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Image: View over the shoulder of a woman with a headset at her desk with two monitors and telephone; Copyright: Universität Basel, DSBG

Telemedicine: telephone-based coaching as an impetus for more exercise

25.06.2019

Sports scientists from the University of Basel found that providing telephone-based coaching over the phone is an effective method for getting people in Switzerland to adopt a physically active lifestyle.
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Image: MRI image of the heart; Copyright: Eike Nagel, Goethe Universität

Imaging: non-invasive view into the heart

25.06.2019

The non-invasive measurement of blood flow to the heart using magnetic resonance imaging (MRI) is on par with cardiac catheterization. This was the result of an international study published in the current issue of the New England Journal of Medicine and headed by researchers from Goethe University.
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Image: black box - new device for rapid cancer diagnosis during surgery; Copyright: Leibniz-IPHT

Optical method: compact device for rapid tissue analysis during surgery

24.06.2019

A team of researchers from Jena is presenting a groundbreaking new method for the rapid, gentle and reliable detection of tumors with laser light. For the first time, the Leibniz IPHT will present a compact device for rapid cancer diagnosis during surgery. The optical method will help surgeons to remove tumors more precisely and could make cancer operations possible without a scalpel.
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Image: Sketch-like representation of the Big Data concept - all data is transferred to a central server via a funnel; Copyright: panthermedia.net/Faithie

Open data: making science more verifiable

24.06.2019

The unrestricted availability of original data – so-called open data – on scientific publications is an important prerequisite for ensuring research results are verifiable and able to be used in the best possible way. Moreover, the reproducibility of results is crucial for the transfer of research findings into commercial or social application – which is the main concern of the BIH.
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Image: Grey and white image of a tube with small holes at the end; Copyright: Michael Tanner, Herriot-Watt University and the University of Edinburgh

Tiny lung probe sheds light on disease

21.06.2019

A hair-sized probe that can measure key indicators of tissue damage deep in the lung has been developed by scientists. The new technology could pave the way for accurate monitoring of tissue in areas where existing technologies cannot reach.
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Image: Grey and white image of small circles; Copyright: Morteza Mahmoudi, Brigham and Women's Hospital

Sensory nanoparticles to detect disease

21.06.2019

Investigators from Brigham and Women's Hospital are taking advantage of a unique phenomenon of nanoparticles to develop a test for early detection of different types of diseases, including cancer.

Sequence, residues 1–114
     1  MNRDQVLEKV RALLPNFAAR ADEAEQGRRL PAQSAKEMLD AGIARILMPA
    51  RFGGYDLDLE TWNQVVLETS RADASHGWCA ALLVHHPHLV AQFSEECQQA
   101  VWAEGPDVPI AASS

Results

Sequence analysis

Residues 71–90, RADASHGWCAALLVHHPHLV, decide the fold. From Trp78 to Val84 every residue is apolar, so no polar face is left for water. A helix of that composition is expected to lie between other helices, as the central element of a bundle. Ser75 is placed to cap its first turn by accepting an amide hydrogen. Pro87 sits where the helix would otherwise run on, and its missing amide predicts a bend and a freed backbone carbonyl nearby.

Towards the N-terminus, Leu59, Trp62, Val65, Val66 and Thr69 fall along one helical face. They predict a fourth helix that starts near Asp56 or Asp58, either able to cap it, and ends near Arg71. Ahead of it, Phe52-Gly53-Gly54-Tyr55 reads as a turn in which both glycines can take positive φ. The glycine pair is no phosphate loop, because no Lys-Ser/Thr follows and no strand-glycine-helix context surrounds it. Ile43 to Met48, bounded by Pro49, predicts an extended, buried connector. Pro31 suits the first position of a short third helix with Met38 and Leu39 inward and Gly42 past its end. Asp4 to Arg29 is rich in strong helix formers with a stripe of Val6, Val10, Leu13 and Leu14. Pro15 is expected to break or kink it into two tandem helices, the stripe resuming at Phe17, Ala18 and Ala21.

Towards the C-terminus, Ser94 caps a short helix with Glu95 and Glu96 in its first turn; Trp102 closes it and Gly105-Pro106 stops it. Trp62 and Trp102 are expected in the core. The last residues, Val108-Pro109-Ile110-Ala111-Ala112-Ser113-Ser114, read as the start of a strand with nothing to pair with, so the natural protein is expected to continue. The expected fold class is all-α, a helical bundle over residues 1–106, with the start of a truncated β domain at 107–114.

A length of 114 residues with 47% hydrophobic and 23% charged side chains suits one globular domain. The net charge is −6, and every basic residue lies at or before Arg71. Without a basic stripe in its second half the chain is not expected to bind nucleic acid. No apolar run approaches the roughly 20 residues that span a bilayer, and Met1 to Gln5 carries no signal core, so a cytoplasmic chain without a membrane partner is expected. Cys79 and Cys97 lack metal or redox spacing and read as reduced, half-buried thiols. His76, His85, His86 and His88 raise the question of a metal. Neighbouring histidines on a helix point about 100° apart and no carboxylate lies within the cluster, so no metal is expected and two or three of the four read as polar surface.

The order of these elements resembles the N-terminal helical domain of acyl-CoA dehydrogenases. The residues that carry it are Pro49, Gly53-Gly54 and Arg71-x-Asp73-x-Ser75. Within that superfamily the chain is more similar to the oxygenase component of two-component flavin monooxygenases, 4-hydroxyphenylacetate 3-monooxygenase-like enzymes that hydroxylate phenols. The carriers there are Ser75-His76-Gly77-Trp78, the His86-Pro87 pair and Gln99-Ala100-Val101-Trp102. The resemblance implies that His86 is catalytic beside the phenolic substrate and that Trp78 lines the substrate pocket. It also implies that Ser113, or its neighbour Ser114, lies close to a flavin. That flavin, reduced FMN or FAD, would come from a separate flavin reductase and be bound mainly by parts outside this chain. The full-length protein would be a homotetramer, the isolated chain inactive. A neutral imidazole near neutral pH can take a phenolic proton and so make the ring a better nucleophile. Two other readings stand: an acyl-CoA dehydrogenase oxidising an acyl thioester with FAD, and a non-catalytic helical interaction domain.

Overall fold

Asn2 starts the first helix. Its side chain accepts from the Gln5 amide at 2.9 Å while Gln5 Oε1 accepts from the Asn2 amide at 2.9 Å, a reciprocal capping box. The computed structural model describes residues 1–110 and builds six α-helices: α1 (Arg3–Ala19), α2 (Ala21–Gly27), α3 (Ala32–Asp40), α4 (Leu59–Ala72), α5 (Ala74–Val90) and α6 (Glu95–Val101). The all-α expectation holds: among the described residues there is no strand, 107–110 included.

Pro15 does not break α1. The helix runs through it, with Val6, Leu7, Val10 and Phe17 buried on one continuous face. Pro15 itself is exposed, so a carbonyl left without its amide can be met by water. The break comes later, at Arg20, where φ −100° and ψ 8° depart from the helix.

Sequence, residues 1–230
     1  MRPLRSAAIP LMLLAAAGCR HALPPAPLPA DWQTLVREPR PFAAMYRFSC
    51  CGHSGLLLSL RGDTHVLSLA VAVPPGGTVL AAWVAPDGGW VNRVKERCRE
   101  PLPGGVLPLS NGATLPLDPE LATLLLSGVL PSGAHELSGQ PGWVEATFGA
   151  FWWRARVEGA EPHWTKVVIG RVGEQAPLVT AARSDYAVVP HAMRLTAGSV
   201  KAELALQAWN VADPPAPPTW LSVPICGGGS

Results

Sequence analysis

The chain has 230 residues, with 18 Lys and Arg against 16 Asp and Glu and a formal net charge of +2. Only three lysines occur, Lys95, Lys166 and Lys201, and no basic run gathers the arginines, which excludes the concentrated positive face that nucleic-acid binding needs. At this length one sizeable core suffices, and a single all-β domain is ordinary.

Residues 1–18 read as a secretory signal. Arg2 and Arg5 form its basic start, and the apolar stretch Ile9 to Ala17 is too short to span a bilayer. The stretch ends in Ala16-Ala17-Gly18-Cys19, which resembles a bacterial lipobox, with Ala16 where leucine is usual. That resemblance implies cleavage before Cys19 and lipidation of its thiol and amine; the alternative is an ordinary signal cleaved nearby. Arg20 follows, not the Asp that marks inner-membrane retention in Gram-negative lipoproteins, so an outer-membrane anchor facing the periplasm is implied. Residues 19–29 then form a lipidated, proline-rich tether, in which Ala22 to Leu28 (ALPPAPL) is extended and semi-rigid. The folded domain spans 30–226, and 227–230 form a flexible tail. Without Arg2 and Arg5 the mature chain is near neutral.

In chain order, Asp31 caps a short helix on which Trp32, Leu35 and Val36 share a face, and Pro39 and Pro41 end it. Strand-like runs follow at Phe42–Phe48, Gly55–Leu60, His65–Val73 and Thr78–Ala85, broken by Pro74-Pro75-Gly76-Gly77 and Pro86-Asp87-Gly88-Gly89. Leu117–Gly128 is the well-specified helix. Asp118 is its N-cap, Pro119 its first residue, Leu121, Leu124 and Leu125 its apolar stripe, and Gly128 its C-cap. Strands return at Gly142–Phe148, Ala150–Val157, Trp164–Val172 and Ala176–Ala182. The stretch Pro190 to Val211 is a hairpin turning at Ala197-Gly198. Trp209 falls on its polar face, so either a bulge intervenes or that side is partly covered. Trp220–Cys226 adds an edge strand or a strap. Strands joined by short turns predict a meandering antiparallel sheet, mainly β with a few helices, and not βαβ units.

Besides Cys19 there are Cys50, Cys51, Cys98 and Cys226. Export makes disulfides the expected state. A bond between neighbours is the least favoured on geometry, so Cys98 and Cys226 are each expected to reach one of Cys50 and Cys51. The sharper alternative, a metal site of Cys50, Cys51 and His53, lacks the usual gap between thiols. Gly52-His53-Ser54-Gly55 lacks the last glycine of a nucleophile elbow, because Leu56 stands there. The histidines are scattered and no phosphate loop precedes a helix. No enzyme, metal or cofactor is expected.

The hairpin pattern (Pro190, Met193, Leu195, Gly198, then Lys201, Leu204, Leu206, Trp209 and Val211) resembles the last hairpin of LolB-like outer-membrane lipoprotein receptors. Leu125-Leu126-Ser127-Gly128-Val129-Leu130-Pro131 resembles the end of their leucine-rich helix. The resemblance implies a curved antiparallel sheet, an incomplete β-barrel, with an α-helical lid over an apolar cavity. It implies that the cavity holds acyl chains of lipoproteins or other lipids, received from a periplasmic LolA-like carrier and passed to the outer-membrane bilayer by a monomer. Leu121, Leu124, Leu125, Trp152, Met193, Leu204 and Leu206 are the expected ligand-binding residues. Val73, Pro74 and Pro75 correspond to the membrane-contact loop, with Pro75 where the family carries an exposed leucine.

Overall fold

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Image: A young blond woman sitting on the floor next to mirror images of herself; Copyright: panthermedia.net/photographee.eu

Machine learning finds 'sound' words predict psychosis

20.06.2019

A machine-learning method discovered a hidden clue in people's language predictive of the later emergence of psychosis - the frequent use of words associated with sound. A paper published by the journal npj Schizophrenia published the findings by scientists at Emory University and Harvard University.
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Image: A computer-generated image of short DNA strands; Copyright: Organic and Biomolecular Chemistry

Diagnostics: A rapid, easy-to-use DNA amplification method

19.06.2019

Scientists in Japan have developed a way of amplifying DNA on a scale suitable for use in the emerging fields of DNA-based computing and molecular robotics. By enabling highly sensitive nucleic acid detection, their method could improve disease diagnostics and accelerate the development of biosensors, for example, for food and environmental applications.
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Image: Logo of brainlife.io; Copyright: brainlife.io

Cloud-computing web platform for neuroscience research

19.06.2019

Scientists in the United States, Europe and South America are reporting how a new cloud-computing web platform allows scientists to track data and analyses on the brain, potentially reducing delays in discovery. The project, called brainlife.io, is led by Franco Pestilli, associate professor at Indiana University, in collaboration with colleagues across the university.
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Image: response of sickle cells observed under a microscope, on the right the chip next to a coin; Copyright: Florida Atlantic University

Microfluidic sensor: monitoring sickle cell disease

19.06.2019

Sickle cell disease is a hereditary disorder that affects red blood cells, distorting their natural disc shape into a crescent moon or "sickle" shape. Normal red blood cells move freely through small vessels throughout the body to deliver oxygen. With sickle cell disease, the misshapen red blood cells become hard and sticky, making it difficult for them to move through blood vessels.
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